Dear Dr. Califf, FDA Commissioner
February 6, 2023

As a broad coalition of FDA stakeholders, including industry and consumer groups and state food regulators, we appreciate the attention you have given to the problems in FDA’s Foods Program, which were highlighted in the Reagan-Udall Foundation (RUF) report in December. We also are appreciative of your acknowledgment in your January 31 announcement that the Foods Program requires a leadership and management structure that enables it to fulfill its mission and is distinctive from the medical product programs.

The announcement contained some important positive elements – including creation of a deputy commissioner position with line management authority over the current CFSAN and the functions of ORA’s state partnership office. It also indicated that certain other unspecified ORA functions “will be unified into a newly envisioned organization called the Human Foods Program.” According to the announcement however, ORA’s core food inspection, laboratory, compliance, and import oversight functions would remain in a separate ORA organization led by an Associate Commissioner for Regulatory Affairs (ACRA) reporting presumably to you.

Based on our understanding of this plan, it is difficult to reconcile this proposal with the analysis and findings in the RUF report. All five of the report’s structural options included unifying ORA’s operational functions with other elements of the Foods Program in a direct line reporting relationship to the top program leader. We are concerned that the plan does not include that, and thus does not create a unified foods program under a single leader.

Our concern about this is based on our extensive experience working with, and in some cases within, the FDA Foods Program, and encountering how its organizational fragmentation hinders coordination, collaboration, and the timeliness and consistency of decision-making. Currently, FDA’s food-related operations are run by three large organizations – CFSAN, CVM and ORA – all reporting separately to the commissioner. It appears that this organizational fragmentation would continue within the newly proposed structure.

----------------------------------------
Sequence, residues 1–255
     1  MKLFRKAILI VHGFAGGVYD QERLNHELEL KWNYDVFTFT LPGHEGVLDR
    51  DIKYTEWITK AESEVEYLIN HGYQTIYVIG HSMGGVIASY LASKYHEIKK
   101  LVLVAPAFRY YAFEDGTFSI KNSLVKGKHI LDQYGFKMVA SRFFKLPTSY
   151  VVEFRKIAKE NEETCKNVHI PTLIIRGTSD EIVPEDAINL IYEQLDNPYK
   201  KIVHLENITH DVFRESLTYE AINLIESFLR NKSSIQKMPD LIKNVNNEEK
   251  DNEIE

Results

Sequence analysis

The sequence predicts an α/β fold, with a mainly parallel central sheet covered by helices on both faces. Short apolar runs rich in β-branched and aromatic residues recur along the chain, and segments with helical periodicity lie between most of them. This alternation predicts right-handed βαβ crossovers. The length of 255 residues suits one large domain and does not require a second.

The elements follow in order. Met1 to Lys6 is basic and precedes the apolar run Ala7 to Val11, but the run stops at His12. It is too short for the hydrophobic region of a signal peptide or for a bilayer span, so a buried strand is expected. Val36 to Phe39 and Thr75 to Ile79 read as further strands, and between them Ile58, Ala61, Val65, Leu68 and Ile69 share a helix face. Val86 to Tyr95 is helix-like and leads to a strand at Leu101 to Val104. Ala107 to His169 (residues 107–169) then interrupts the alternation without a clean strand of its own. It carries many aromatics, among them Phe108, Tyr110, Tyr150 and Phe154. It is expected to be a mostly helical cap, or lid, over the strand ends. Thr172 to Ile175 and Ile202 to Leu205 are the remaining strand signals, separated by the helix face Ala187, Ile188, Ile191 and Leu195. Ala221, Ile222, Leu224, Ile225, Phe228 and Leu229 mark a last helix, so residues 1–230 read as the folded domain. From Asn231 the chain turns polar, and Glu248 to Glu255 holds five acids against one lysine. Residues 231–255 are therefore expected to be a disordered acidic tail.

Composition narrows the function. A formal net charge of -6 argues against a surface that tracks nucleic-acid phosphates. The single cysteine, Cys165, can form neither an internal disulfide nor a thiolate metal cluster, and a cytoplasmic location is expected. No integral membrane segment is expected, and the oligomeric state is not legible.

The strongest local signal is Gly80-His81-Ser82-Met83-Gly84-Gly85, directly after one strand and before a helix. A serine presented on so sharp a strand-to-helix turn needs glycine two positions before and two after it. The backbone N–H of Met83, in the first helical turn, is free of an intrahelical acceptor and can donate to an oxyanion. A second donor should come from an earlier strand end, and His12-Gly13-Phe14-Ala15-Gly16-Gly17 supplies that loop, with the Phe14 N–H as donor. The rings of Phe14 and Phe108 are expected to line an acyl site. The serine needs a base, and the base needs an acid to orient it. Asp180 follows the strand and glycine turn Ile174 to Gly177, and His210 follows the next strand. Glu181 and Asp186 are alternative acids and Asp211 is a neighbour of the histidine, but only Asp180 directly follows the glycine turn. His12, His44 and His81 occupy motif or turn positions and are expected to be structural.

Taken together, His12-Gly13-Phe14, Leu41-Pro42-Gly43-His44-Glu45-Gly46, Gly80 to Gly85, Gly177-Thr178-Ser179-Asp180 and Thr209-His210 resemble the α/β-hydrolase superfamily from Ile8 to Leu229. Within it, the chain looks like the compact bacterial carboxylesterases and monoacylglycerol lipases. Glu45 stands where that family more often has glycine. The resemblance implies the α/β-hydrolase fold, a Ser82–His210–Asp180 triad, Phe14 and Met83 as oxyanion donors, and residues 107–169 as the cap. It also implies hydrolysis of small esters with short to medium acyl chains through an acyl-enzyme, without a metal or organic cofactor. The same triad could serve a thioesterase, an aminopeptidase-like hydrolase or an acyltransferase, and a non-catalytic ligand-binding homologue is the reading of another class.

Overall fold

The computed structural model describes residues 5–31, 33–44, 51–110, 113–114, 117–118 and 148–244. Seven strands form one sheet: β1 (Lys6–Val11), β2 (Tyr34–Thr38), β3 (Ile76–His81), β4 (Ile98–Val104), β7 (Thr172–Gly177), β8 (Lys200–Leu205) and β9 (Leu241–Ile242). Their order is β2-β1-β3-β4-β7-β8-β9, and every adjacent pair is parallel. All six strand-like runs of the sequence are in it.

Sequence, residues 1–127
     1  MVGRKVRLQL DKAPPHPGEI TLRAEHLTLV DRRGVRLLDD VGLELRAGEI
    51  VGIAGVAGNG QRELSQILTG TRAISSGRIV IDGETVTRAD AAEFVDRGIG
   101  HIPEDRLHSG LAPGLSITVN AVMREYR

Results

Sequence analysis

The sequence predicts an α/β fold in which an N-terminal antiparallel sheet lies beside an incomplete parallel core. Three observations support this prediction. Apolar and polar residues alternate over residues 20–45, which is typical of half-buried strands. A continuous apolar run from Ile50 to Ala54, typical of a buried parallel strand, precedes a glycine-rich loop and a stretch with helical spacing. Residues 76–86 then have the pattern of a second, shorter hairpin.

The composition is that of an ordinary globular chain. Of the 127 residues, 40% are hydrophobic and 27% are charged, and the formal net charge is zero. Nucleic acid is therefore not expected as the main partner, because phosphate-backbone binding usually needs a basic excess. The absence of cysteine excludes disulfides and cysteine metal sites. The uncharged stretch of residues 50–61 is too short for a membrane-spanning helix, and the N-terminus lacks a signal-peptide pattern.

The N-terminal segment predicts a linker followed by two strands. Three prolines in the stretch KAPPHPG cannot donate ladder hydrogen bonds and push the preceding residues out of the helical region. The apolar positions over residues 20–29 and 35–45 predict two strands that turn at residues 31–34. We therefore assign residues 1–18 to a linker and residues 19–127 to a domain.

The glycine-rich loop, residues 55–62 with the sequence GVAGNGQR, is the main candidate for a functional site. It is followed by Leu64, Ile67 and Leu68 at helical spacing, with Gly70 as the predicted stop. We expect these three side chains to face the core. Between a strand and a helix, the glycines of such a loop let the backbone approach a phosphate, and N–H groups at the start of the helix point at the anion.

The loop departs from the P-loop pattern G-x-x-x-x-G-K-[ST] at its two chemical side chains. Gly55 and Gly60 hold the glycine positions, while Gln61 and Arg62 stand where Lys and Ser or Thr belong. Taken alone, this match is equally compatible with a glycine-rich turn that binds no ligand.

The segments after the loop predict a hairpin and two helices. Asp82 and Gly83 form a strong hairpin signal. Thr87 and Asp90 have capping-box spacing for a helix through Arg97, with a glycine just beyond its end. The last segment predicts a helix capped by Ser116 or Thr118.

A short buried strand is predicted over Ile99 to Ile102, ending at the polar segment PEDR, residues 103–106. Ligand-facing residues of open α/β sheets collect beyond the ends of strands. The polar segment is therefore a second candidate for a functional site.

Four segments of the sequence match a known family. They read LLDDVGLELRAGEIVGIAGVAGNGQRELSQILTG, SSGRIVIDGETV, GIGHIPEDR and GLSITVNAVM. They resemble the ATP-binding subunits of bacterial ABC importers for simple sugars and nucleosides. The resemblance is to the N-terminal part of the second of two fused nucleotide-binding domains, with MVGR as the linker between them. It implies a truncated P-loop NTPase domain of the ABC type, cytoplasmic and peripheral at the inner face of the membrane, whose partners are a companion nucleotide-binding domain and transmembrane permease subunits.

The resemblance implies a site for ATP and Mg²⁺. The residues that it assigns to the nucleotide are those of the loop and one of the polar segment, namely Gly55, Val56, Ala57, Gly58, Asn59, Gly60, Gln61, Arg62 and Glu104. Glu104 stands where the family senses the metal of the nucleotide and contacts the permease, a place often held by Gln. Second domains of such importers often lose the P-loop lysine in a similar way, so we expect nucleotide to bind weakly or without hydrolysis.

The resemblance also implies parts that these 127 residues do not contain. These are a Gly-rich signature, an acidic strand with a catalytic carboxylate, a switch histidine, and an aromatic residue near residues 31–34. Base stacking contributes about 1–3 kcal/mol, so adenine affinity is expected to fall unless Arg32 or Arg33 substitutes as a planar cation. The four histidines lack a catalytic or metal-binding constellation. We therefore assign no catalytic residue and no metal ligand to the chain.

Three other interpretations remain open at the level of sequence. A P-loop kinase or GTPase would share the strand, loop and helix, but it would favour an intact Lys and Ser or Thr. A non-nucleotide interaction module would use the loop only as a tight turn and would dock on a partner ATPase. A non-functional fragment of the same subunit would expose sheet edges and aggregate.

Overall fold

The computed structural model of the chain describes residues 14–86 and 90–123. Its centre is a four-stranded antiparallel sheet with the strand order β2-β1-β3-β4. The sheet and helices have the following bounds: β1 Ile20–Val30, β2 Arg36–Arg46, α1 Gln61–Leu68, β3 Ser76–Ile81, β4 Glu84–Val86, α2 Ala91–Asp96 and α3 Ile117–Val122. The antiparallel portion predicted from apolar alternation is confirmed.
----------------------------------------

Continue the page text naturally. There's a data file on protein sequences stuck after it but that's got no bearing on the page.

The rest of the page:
While the statement suggests the Deputy Commissioner would have “decision-making authority over policy, strategy, and regulatory program activities within the Human Foods Program, as well as resource allocation and risk-prioritization,” we have concerns about whether and how this would work in the absence of line management authority. The RUF report closely links FDA’s culture problems to its “disparate structure” and asserts that the Foods Program needs “a definitive and facilitative structure” and “a clear overarching leader.” It also says that FDA’s culture issues were “foremost among the Panel’s considerations when making recommendations for potential structural change.”

On that basis, all of the RUF report’s structural recommendations included having ORA’s food functions reporting directly to the “single overarching leader.” We recognize the challenges associated with shifting a deeply engrained culture, and proposing a structure that could be perceived as diminishing the autonomy of parts of the Agency. However, this is precisely what the RUF report suggests is needed to improve the function of the Agency.